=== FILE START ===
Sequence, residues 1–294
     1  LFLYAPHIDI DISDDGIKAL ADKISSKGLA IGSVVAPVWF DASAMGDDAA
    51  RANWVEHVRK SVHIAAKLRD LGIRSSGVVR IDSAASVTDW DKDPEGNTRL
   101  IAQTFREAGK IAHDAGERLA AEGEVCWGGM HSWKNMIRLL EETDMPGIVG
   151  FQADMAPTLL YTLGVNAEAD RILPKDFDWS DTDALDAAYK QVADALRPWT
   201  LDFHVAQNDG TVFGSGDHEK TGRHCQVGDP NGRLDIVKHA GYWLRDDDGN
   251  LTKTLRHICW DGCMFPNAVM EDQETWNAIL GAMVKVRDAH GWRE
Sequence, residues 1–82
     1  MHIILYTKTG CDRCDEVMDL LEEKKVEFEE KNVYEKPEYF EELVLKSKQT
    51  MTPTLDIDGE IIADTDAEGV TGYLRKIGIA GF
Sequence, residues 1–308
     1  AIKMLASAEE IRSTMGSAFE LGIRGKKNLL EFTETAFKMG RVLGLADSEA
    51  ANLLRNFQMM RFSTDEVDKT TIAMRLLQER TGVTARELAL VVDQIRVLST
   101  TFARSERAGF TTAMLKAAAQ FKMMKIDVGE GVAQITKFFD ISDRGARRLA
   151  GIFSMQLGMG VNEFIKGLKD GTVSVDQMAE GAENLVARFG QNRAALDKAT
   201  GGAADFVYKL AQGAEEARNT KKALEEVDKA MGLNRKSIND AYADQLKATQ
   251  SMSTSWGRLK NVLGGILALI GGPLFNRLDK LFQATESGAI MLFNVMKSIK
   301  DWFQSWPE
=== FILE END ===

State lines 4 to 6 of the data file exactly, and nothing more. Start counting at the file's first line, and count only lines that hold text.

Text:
   101  IAQTFREAGK IAHDAGERLA AEGEVCWGGM HSWKNMIRLL EETDMPGIVG
   151  FQADMAPTLL YTLGVNAEAD RILPKDFDWS DTDALDAAYK QVADALRPWT
   201  LDFHVAQNDG TVFGSGDHEK TGRHCQVGDP NGRLDIVKHA GYWLRDDDGN